- Associated Press - Friday, July 22, 2016

CHEYENNE, Wyo. (AP) - The Federal Election Commission has raised concern about information missing for several of U.S. House candidate Leland Christensen’s donors including his own campaign treasurer, an issue records show has persisted through two quarterly campaign finance reports.

Meanwhile, the campaign was a week late Friday filing information including Christensen’s income sources with the U.S. House Ethics Committee. Christensen plans to file the information immediately and pay a late fee, campaign spokeswoman Kristin Walker said by email Friday.

Contacted by The Associated Press, Christensen, a state senator from Alta, said Thursday he was unaware of the FEC concerns but would consult with the Virginia firm handling his finance reports.

“This is new to me,” Christensen said. “Just so we wouldn’t have FEC issues, we went with a firm that came highly recommended as the best in the business.”

State Sen. Ogden Driskill, a fellow Republican who is treasurer of Christensen’s campaign, also said he was unaware the FEC two months ago requested additional information on the occupations and employers of several donors. The campaign’s first-quarter report, electronically endorsed with Driskill’s name in typeface, instead reported that information was “requested per best efforts” for 38 donors.

The donors included Driskill himself, a state senator and rancher in the Devils Tower area who gave $1,500 to the campaign in February, according to the report. “I’m sure it’s just oversight. Leland’s about the most upstanding and honest guy I’ve ever met. It’s certainly not anything I knew anything about,” Driskill said.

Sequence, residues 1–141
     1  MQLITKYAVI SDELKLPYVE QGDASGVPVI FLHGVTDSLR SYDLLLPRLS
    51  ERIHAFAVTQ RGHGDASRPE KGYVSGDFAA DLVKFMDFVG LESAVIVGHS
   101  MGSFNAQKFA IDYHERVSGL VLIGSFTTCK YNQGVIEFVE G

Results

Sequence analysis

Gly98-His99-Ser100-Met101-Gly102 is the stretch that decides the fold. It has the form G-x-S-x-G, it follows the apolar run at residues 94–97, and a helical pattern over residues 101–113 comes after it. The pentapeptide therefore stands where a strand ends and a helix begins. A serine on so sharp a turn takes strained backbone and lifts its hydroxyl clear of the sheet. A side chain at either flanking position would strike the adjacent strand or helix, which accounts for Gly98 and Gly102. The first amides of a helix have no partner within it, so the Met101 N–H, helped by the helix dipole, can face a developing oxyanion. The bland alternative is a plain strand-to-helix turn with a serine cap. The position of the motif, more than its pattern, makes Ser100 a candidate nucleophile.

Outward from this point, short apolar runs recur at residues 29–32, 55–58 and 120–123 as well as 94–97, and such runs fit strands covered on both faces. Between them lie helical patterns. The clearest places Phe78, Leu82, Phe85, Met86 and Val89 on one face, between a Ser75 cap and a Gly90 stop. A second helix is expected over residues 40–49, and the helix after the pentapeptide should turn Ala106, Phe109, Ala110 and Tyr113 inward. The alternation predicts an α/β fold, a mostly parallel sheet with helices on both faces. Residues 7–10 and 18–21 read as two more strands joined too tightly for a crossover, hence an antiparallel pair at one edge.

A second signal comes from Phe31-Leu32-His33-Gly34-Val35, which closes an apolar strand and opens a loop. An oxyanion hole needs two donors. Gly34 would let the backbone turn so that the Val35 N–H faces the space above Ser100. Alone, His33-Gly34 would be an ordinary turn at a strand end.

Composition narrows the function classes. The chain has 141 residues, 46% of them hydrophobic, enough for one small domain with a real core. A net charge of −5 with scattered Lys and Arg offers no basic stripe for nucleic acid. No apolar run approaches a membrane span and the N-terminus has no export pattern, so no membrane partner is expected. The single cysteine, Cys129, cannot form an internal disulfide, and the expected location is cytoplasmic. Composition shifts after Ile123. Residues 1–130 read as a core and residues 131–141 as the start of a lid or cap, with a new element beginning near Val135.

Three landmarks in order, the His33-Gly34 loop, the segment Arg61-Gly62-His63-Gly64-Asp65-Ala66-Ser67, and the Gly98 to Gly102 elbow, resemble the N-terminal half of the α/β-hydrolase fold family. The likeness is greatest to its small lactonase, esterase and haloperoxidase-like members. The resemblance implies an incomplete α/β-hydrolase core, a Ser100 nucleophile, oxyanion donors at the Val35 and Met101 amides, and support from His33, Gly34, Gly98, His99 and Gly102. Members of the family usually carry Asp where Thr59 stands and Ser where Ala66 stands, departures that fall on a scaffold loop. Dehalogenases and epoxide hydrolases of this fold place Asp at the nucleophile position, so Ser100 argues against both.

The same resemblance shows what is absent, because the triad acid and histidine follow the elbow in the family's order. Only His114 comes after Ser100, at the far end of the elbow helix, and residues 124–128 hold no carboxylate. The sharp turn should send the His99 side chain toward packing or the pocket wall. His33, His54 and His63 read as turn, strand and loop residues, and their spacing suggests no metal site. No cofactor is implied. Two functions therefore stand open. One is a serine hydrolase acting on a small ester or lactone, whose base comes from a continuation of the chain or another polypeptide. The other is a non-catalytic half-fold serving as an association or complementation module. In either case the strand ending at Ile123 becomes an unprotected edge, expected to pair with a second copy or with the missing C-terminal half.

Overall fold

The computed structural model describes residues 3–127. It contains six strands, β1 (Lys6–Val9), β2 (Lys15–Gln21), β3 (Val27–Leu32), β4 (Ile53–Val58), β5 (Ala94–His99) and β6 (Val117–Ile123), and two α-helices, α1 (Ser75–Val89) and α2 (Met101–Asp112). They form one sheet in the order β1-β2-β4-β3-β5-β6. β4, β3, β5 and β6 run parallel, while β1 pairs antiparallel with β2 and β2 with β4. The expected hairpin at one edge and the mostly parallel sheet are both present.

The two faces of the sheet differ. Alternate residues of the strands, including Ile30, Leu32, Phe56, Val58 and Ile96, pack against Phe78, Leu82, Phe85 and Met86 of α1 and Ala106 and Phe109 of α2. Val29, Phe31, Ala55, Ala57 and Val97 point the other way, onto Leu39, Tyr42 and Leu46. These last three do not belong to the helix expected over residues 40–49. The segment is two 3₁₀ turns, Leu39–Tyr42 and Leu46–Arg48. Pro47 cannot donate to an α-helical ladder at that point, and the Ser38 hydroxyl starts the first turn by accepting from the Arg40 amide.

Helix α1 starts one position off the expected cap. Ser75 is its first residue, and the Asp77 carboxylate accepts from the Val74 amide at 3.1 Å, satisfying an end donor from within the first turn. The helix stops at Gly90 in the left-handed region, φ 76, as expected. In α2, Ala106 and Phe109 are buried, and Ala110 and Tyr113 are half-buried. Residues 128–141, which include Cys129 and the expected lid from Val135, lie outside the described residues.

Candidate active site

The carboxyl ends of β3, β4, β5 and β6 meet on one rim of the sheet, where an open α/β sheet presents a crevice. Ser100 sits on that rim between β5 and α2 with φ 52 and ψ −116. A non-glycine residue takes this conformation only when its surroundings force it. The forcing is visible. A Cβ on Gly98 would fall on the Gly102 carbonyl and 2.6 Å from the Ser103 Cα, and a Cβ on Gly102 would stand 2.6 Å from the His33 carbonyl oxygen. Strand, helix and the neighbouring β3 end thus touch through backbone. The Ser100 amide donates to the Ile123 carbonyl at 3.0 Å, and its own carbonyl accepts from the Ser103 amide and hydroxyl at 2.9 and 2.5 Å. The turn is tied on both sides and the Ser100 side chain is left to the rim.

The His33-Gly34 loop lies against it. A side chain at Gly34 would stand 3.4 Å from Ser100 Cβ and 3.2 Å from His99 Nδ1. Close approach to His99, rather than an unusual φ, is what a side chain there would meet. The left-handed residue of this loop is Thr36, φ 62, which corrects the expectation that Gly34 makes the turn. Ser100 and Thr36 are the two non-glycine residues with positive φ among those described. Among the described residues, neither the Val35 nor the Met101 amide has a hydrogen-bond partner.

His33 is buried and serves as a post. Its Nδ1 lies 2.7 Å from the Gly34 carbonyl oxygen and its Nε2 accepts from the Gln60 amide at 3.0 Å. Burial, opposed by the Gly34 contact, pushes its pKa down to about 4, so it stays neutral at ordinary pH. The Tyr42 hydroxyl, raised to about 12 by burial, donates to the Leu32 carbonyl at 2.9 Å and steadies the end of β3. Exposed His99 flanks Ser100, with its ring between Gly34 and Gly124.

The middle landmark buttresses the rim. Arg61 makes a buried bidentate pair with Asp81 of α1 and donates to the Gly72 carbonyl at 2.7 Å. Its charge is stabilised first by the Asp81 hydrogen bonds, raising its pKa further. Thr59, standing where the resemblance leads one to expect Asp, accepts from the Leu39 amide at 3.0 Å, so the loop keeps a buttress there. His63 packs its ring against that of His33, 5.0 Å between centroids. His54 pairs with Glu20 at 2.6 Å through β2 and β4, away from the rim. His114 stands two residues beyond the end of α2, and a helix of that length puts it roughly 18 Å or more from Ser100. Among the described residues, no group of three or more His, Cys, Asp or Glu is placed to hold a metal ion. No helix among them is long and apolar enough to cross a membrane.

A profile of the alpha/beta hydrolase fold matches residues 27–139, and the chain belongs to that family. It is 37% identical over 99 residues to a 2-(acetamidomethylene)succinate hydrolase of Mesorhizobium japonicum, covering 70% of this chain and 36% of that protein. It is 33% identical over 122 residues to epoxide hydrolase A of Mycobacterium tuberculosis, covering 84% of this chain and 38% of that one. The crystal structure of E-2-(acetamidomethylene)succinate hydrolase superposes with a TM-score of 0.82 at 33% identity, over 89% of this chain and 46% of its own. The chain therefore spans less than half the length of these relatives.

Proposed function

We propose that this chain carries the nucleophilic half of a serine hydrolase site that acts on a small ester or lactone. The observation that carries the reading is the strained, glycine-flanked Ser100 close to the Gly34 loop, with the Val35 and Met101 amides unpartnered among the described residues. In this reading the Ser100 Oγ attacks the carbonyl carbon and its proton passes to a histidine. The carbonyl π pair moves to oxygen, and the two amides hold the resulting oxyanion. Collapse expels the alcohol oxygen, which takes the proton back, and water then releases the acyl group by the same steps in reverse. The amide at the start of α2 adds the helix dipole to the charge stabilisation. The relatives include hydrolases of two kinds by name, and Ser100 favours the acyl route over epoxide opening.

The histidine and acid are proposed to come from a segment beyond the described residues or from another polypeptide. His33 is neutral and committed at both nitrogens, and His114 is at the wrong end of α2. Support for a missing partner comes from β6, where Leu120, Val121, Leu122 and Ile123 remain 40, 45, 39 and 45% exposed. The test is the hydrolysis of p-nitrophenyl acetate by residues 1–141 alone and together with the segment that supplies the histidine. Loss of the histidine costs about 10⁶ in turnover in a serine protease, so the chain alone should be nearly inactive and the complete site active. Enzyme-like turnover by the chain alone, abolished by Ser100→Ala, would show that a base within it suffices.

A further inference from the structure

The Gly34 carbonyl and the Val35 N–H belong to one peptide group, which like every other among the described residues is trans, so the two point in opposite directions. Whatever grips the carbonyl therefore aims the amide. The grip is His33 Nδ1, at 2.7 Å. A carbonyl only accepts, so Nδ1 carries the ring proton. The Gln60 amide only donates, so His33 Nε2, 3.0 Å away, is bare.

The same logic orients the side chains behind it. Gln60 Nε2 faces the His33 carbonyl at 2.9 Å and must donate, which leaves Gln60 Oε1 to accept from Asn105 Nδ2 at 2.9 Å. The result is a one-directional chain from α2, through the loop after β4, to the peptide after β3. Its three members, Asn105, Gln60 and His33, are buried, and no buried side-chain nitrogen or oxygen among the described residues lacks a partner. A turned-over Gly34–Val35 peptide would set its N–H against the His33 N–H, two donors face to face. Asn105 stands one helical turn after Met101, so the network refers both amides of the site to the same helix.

Reporting that information had been requested “per best efforts” is unacceptable without documentation of efforts that comply with federal campaign finance laws, FEC senior campaign finance analyst Robin Kelly wrote in a May 23 request for additional information.

Christensen’s campaign resubmitted its first-quarter report in response to the FEC letter. The campaign also filed a letter explaining its best efforts included following up with donors by mail seeking the missing information.

Yet the resubmitted report still omitted the occupations and employers of Driskill and 14 others including Bill Winney, a retired U.S. Navy submarine commander from Bondurant who sought the Republican nomination for U.S. House in 2008.

The campaign’s second-quarter report, due July 15, omitted the occupations of Driskill, who made a $500 in-kind contribution in June, and 10 others, including state Sen. Drew Perkins, a Casper attorney; and state Sen. Curt Meier, of LaGrange, who works in his family’s agribusiness.

Christensen identified the firm handling his finance reports as Compliance Consulting. The company did not have a listed number, and Christensen’s campaign did not immediately provide one when asked Thursday and Friday.

FEC officials said they could not comment on specific campaign finance issues with candidates. The Christensen campaign currently is in good standing with the FEC and has received no new notices to the contrary, Walker said.

Through the end of June, Christensen had raised $107,488, spent $64,291 and had $43,196 remaining. The other top money-raising candidates among the nine Republicans running were Liz Cheney, who raised $1.1 million and had $640,917 left; and Tim Stubson, who raised $199,629, including a $60,000 loan to himself, and had $82,780 left.

Cheney’s finance reports list employer and occupation information for all her donors. Stubson has reported that information for all donors except one in the second quarter who listed both as “N/A” or “not applicable.”

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Follow Mead Gruver at https://twitter.com/meadgruver

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